It was just about a year ago that I first tasted the offerings from Argentine producer Urraca Wines. Since then I’ve gone back to them several times and been impressed each time with their overall portfolio. Their wines hit a different segment of the Argentine wine imports than most. Within the vast number of wines from Argentina, the majority on US shelves are value based. Some of those values are outstanding and provide quality and some are generic. What Urraca does from the get go is to aim higher. They start at a premium level and then also make super-premium offerings. So while the least expensive wine you’re going to find from them is in the mid to high teens, there is value to be had. Today I’m going to look at the current release of their flagship wine. This wine is certainly within the super-premium category. The question is does it still deliver value, or even a bargain, in its price point.
The Urraca 2007 Familia Langley Reserva is made using fruit from the Mendoza region of Argentina. The proprietary blend is composed of Cabernet Sauvignon (40%), Malbec (30%), and Merlot (30%). Barrel aging was accomplished over 18 months in a combination of French and American oak. The suggested retail price for this wine is approximately $70.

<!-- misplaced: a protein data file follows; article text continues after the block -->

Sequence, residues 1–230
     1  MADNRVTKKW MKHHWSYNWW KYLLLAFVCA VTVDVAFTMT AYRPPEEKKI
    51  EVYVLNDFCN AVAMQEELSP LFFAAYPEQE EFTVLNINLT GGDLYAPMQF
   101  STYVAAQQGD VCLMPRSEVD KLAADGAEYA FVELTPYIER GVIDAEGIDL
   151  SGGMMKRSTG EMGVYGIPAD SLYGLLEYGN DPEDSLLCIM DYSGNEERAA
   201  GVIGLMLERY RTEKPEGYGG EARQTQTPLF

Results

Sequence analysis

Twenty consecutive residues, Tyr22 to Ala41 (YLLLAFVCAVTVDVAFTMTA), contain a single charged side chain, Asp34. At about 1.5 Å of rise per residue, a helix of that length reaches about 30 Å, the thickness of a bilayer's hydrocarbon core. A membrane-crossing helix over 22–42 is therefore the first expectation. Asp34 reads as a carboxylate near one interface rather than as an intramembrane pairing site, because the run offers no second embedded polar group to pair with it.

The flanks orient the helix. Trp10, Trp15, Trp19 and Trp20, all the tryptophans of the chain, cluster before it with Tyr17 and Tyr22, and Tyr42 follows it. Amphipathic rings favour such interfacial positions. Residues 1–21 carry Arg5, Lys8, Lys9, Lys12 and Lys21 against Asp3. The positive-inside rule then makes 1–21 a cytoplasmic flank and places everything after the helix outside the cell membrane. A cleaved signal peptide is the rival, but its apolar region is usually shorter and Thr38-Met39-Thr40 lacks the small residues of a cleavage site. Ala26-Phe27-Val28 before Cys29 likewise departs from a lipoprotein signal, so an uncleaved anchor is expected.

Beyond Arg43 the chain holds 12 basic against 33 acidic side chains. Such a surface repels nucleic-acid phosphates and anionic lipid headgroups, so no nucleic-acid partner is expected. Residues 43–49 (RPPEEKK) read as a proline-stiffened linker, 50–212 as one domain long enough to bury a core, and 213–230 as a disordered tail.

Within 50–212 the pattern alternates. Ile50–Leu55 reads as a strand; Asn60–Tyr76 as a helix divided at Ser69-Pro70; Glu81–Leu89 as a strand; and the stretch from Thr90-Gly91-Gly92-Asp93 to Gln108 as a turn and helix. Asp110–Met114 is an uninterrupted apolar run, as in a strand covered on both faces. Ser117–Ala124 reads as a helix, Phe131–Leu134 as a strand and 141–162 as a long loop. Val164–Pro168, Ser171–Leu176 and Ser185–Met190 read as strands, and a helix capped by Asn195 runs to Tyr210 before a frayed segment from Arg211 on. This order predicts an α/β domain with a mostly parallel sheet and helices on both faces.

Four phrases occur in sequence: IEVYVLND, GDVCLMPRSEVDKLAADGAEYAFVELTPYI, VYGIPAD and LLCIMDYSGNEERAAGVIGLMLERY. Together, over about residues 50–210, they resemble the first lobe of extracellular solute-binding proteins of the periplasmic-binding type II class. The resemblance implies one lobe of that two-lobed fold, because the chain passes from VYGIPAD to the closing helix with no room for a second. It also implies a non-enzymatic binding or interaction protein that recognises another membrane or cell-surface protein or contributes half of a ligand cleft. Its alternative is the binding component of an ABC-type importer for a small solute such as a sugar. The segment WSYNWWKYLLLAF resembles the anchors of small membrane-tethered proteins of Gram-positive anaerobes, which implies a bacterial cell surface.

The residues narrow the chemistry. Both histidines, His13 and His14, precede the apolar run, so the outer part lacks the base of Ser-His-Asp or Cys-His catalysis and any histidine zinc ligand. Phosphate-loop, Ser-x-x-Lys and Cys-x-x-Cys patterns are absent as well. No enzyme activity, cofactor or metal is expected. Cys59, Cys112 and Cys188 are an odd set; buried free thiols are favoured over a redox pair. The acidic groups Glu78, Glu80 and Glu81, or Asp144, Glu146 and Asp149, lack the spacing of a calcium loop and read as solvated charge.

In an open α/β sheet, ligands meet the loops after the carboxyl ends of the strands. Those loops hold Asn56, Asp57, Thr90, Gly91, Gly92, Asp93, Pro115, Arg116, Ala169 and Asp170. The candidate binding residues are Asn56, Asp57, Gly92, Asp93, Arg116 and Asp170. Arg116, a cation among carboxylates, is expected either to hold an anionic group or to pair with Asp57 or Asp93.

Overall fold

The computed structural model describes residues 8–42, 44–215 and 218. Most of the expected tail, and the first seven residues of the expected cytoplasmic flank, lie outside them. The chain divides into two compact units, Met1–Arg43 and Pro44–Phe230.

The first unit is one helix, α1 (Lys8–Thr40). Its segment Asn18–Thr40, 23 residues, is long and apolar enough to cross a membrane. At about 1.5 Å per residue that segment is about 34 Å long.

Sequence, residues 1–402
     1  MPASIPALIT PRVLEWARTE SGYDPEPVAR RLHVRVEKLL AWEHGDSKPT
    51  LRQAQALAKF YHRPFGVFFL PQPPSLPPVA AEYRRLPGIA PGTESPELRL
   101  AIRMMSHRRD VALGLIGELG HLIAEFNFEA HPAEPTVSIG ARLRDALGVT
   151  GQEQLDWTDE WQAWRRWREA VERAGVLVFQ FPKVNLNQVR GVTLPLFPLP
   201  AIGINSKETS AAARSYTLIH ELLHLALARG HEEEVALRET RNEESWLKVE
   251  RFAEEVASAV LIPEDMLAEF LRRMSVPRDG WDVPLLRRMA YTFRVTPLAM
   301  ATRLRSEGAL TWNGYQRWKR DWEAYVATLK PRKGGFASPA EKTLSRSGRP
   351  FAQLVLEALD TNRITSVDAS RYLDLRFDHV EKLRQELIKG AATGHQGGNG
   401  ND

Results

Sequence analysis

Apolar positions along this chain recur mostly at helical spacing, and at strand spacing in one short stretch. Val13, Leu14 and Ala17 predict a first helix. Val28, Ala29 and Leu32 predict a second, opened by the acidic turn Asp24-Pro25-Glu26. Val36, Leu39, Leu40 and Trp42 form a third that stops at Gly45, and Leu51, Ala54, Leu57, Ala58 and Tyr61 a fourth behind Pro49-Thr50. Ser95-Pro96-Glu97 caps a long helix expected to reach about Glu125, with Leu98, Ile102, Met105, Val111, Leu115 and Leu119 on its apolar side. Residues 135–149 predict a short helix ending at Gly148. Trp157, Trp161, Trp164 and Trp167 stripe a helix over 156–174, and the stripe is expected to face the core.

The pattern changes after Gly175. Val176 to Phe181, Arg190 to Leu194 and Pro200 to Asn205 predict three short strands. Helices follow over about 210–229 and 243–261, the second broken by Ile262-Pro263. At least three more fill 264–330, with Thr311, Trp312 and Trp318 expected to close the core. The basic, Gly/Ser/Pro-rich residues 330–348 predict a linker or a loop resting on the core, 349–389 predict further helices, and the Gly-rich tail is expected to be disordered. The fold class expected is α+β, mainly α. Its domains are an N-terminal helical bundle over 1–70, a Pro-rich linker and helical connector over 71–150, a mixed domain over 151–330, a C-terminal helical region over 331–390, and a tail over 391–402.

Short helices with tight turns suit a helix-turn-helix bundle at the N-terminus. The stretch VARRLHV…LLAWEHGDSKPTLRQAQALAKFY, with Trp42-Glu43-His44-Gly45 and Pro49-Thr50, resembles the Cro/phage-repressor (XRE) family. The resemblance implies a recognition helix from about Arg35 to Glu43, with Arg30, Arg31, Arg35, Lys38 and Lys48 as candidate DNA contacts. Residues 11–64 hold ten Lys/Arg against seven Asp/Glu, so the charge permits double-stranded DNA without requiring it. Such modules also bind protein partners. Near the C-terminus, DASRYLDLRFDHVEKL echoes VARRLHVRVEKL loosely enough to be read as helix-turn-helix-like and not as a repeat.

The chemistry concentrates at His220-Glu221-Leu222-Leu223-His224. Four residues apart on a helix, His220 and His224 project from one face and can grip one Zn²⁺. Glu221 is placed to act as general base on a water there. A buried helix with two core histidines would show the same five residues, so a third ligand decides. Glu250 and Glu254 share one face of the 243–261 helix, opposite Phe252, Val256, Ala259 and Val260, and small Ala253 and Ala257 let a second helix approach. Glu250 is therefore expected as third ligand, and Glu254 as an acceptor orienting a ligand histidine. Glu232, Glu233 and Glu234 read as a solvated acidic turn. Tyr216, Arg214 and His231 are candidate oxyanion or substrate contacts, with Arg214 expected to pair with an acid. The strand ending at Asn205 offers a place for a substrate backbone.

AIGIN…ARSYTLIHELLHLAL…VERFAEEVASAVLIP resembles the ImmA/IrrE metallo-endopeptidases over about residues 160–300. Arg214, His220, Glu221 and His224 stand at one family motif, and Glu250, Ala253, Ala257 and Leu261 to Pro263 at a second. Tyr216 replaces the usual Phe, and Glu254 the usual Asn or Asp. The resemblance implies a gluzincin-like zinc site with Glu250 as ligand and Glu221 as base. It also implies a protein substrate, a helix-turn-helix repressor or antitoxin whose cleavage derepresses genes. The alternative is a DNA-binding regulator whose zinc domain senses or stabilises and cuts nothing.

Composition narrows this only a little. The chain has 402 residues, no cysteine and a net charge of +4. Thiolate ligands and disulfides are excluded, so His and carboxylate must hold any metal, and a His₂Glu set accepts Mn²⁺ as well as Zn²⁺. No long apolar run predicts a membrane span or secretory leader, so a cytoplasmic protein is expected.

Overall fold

A potpourri of dark berry aromas lead the exuberant nose of this 2007 blend. Blackberry and cherry (both red and black) intermingle along with lots of white pepper and hints of nutmeg throughout the palate of this selection. This wine has serious length. The impressive finish is marked my minerals, earth, black pepper and a hints of charcoal. This wine has firm tannins that soften in the glass. Excellent acidity provides the framework and keeps everything in check.
There are three things which I find equally impressive about this wine. First and quite importantly is its consistency. I was blown away by the 2005 version of this wine and was quite curious to see how the 2007 edition would stack up. Nothing to worry about there, the 2007 is every bit as impressive. The second thing that struck me is the tremendous level of even-keeled intensity that this wine displays from the first sip through the long finish. There are a lot of wines that hit you up front with big fruit and then the flavor drops as if it fell from a cliff. While this wine has little peaks and valleys, it manages to maintain a notable level of complex, layered and concentrated flavors throughout. The third thing that impresses me is the finish on the Familia Langley, which is noteworthy in length.
If you’re going to drink this wine in the short term, decanting for an hour or two is strongly recommended. However if you’re patient and can lay it down for a few years, you will be rewarded by a wine that will show plenty of positive evolution. Yes this wine is $70, and yes for that money it’s still, very much, an excellent value. It compares favorably to many blends from a number of regions of the world that hit the triple digit price point.